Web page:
Many treatment programs are not getting paid by the insurance companies that had previously agreed to pay for the treatment. Post payment and prepayment claim reviews are conducted by Recovery Audit Contractors (RACs), Medicare Administrative Contractors (MACs) and the Zone Program Integrity Contractors (ZPICs) who work for the insurance carriers and the Center for Medicare and Medicaid Services (CMS) respectively.  The purpose of the audits is to uncover fraud, waste and abuse, the audits aim to ensure that payments are made correctly the first time and to identify, investigate, and recoup payments made in error. Ostensibly, it is a program which will save millions, and potentially, billions of dollars. In reality, it is a program heavily dependent on the use of intimidation and strong-arm tactics to achieve much of that savings. Treatment approved in advance by the insurance carriers, for which payments are received by the treatment centers, are too often identified as an overpayment by RAC reviewers with a demand for repayment, under the guise of “medical necessity”. The auditors are rewarded (9-12% of the recoupment) for their efforts based on the amount, which gets returned to the carrier or CMS. Much like the physician employed by the insurance company, the auditors have a financial misalignment of interests, as they benefit from denying coverage and/or withholding payments. It is a bad policy and terrible ethical position.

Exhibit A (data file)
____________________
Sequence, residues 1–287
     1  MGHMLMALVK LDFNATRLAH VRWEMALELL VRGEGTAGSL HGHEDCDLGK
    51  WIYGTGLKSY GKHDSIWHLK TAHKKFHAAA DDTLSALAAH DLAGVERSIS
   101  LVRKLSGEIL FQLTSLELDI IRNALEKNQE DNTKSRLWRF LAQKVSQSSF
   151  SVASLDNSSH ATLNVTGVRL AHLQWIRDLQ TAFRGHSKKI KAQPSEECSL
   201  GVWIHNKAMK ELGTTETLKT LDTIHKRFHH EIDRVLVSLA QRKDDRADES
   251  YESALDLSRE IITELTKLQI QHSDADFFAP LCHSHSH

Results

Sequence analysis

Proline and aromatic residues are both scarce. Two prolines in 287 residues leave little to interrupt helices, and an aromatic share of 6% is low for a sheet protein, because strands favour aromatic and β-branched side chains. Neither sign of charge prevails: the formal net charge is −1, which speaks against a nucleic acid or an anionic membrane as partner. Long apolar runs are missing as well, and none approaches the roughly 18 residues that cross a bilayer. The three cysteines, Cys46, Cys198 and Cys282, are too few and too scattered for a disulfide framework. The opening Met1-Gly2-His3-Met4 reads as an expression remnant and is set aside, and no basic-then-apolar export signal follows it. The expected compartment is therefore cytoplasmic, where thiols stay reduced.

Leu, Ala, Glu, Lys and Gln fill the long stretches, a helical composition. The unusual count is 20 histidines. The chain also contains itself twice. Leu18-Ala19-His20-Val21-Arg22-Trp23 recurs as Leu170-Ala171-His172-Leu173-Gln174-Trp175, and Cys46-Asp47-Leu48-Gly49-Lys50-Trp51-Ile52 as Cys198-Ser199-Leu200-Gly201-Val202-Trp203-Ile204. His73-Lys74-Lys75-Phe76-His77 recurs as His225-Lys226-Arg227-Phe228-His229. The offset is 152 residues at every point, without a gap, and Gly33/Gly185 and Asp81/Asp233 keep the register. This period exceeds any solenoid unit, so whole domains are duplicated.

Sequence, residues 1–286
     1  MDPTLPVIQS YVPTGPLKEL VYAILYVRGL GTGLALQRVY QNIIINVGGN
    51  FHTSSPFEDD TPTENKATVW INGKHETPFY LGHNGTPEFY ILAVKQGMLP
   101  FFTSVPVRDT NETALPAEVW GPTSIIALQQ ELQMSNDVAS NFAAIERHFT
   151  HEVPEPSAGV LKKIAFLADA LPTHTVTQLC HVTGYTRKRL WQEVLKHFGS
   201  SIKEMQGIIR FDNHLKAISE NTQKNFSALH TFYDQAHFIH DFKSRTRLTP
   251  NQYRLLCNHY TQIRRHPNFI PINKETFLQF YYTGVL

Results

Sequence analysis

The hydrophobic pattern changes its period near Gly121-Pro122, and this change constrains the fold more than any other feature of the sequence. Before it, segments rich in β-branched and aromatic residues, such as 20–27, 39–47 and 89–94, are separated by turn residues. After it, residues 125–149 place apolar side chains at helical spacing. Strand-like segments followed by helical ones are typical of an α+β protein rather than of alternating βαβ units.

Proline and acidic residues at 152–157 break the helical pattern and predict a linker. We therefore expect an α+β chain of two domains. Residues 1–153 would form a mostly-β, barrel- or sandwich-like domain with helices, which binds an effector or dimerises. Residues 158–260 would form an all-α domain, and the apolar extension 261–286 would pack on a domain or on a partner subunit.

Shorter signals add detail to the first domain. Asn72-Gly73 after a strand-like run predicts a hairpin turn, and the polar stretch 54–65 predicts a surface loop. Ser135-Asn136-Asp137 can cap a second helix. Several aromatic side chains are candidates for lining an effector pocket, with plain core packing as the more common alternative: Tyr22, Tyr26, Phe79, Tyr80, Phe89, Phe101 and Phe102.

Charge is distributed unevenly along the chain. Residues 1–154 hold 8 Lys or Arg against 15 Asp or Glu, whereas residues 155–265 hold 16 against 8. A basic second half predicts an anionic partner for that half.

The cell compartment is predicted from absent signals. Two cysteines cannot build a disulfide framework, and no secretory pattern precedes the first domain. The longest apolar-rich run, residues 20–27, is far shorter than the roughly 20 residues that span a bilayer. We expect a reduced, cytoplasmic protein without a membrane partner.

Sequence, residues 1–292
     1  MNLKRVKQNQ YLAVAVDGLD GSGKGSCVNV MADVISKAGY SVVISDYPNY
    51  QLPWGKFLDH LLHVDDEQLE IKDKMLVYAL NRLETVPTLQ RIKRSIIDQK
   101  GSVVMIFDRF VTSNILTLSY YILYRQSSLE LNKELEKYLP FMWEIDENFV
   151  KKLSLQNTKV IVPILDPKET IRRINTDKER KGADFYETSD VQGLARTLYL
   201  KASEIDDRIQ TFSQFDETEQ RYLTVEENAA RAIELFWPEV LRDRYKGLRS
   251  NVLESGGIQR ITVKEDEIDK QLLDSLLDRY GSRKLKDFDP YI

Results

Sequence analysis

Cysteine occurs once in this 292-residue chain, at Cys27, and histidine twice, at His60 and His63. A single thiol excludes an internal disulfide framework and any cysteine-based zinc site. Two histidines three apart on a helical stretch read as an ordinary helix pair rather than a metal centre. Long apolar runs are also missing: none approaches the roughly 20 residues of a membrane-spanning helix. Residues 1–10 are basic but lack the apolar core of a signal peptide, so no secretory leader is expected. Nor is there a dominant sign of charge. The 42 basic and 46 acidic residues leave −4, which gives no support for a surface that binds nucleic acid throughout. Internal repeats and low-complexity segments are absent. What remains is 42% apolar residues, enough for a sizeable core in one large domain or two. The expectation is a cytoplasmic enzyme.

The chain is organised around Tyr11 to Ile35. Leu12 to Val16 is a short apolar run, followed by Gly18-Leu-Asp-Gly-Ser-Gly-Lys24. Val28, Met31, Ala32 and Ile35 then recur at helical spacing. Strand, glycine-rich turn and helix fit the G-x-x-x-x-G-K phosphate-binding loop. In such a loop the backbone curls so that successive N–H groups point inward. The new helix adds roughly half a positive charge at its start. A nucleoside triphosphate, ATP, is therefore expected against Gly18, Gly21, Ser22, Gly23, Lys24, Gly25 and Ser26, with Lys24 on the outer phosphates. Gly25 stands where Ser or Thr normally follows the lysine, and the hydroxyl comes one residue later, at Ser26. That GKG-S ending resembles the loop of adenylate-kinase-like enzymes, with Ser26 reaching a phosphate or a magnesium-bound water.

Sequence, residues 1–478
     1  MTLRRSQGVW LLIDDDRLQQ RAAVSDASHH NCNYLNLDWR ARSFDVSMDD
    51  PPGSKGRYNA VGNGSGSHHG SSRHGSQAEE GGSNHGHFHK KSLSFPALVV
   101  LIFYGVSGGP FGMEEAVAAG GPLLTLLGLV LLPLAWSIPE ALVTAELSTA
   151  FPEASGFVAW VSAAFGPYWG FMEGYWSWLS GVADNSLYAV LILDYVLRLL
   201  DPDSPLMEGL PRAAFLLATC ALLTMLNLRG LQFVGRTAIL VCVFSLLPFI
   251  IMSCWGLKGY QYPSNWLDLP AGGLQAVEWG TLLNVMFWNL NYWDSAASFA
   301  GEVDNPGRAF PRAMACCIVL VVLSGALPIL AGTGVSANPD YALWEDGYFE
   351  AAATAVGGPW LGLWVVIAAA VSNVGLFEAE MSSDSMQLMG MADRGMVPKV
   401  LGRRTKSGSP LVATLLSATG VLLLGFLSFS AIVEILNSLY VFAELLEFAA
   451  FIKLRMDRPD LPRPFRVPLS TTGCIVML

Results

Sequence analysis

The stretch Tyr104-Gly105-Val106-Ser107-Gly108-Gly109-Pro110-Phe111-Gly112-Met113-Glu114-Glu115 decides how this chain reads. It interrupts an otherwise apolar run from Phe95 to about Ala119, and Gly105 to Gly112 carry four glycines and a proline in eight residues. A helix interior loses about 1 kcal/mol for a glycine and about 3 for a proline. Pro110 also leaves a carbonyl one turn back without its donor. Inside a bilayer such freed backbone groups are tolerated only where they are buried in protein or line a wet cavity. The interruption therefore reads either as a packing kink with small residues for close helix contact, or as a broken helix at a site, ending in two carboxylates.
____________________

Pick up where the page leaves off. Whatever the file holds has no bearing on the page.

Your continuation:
We have hundreds of stories about insurance denials just in NJ (though there has not been much data collection on a statewide or national basis on insurance denial disaster). Another harrowing tale is by a woman who asked to remain anonymous. Her insurance was Anthem Blue Cross/Blue Shield, and she has detailed their three denials: